Introduce yourself via e-mail to coaches of college teams you’re considering.
Take AP tests if you’re eligible.
Register for a rigorous senior-year courseload.

Summer before 12th grade

Work at a job or continue following your passion, making sure to keep a journal of your adventures. Your notes will come in handy when you write your college essays.
Talk with students home on vacation and, if possible, tour more colleges.
Begin to narrow your college choices.
Collect college applications off the school Web sites or go to www.commonapp.org for the Common Application used by 230 colleges (from Adelphi to Yale).
Prepare an application folder for each college and put up a calendar marked with application due dates.
Study for the fall SAT, if you haven’t taken it already. Practice tests are available online at www.collegeboard.com. Many high schools and community colleges also offer study courses. Seattle Central, for example, provides a 6-week online course for $80.


Meet with your counselor to review your college-application plans.
Prepare a final list of possible schools.
Make copies of all applications so you’ll have a fresh form if you make a mistake.
Ask your counselor and teachers for recommendation letters — and give them at least a three-week lead time because you don’t want them to feel rushed (and cranky).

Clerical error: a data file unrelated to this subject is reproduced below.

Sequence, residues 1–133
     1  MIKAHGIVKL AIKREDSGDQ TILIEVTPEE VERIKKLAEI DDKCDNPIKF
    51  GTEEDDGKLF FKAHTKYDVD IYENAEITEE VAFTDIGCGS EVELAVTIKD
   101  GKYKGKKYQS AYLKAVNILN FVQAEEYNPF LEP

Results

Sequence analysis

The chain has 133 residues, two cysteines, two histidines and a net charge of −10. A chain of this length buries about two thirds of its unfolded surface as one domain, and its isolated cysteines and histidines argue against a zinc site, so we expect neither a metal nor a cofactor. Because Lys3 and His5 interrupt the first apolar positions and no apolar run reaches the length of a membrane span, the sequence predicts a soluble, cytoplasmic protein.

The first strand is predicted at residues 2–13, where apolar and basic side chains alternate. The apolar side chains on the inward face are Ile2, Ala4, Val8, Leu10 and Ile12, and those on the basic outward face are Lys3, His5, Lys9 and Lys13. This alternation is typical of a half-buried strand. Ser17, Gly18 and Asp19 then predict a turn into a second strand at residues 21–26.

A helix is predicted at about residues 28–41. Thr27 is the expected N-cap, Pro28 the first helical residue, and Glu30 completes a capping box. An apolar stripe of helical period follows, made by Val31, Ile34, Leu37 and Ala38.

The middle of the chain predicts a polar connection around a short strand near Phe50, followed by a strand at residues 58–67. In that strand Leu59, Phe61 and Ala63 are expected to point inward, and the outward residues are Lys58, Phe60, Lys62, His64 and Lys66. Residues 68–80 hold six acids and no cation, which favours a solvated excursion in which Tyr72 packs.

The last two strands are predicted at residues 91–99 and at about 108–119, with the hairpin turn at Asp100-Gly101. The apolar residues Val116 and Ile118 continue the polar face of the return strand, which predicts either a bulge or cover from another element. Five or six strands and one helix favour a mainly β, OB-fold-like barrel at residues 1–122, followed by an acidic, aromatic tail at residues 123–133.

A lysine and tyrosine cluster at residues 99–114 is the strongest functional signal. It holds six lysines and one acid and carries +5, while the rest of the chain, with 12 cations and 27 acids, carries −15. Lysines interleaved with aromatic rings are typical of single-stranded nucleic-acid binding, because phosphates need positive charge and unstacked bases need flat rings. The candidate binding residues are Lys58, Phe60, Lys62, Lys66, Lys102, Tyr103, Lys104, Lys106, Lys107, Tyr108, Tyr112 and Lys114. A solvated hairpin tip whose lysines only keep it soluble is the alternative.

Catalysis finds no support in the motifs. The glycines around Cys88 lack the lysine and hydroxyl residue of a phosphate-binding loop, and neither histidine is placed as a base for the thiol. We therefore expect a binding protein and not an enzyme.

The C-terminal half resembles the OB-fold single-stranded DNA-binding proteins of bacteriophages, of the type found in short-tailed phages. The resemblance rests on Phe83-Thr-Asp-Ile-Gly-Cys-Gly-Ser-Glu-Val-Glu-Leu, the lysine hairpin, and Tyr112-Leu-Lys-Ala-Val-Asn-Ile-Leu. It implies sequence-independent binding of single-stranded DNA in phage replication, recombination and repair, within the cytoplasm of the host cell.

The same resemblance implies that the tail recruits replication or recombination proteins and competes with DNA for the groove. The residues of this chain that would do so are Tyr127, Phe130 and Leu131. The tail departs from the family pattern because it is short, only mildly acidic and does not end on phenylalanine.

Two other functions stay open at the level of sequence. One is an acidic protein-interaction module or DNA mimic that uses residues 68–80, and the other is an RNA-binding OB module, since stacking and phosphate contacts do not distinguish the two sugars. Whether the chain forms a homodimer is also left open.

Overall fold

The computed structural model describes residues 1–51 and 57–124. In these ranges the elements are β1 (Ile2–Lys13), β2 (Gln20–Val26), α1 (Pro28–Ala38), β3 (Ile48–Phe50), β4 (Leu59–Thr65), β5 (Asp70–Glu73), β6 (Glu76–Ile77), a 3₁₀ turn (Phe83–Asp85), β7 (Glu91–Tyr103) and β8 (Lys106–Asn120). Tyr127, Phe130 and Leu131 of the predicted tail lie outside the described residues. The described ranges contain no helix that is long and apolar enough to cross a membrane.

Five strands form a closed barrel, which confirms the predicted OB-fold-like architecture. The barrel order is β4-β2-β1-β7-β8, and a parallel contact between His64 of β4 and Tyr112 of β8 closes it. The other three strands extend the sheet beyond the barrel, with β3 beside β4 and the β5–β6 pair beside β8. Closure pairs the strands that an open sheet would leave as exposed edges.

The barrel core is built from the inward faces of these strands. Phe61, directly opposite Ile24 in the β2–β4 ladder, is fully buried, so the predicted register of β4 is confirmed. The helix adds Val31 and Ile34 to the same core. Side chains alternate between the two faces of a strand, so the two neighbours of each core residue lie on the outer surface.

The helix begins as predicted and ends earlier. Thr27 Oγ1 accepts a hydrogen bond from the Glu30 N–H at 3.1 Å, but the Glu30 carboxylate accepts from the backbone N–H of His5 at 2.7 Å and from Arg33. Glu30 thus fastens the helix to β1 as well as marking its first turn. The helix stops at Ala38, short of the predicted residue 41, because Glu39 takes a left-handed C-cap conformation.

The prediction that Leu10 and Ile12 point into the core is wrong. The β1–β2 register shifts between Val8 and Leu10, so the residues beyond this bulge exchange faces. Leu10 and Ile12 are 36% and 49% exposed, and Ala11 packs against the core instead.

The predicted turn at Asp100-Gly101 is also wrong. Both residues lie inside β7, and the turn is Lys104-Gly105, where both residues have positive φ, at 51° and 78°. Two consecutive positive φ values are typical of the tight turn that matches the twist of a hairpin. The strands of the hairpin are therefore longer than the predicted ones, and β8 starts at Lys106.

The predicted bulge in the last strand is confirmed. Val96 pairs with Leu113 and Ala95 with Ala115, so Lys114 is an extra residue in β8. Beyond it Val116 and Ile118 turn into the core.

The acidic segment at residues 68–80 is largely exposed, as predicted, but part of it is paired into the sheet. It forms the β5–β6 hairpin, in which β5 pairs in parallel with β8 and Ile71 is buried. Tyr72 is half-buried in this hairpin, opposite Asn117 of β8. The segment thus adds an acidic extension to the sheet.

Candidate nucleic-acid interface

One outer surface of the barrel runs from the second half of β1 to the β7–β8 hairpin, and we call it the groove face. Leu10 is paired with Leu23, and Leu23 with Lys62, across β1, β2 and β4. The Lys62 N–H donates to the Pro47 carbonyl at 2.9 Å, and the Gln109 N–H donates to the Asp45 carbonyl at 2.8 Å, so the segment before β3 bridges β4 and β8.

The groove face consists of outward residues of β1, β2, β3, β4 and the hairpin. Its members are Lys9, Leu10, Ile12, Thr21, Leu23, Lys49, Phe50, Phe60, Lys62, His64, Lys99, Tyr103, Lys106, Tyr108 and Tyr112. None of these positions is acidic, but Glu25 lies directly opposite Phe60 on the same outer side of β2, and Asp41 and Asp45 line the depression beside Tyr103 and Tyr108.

Submit your application for Early Decision, if needed.
Work on your college essays.
Take the SAT and/or ACT if you haven’t done so already or if you think you can improve your scores.
Remind your recommenders of their deadlines.


Fill out your college applications.
Review your high-school scholarship bulletin and apply for scholarships.


Request transcripts be sent to colleges requiring them.
Fill out a Free Application for Federal Student Aid (FAFSA) and submit it to the processing agency, Federal Student Aid Programs. That agency will send the results to each college you’ve listed on the form. (You may need to nudge your parents to work on their taxes, because tax forms must accompany your request for financial aid.) Note: It’s important to file as soon as possible after Jan. 1 because financial aid is given out on a first-come, first-served basis.
Submit returned FAFSA forms to colleges where you’re applying.
Keep working hard. Your course choices and grades continue to count throughout your senior year.

February and March

Call colleges to be sure they received your application (if they haven’t already sent you a card confirming receipt).
Confirm that your counselor sent a midyear school report to colleges requesting them.


Expect to receive application responses from colleges.
Visit accepting colleges (if possible) to help you make a final choice.
Compare financial-aid offers and ask for more money, if needed.
Prepare to take advanced-placement tests.


Choose a college and notify them of your intention to enroll. Let the other colleges know your decision.
Send in necessary tuition deposits, your student-housing forms and any other required paperwork to your chosen college.
Thank everyone who helped you apply, letting them know your final decision.
Take a bow. It wasn’t easy, but you did it.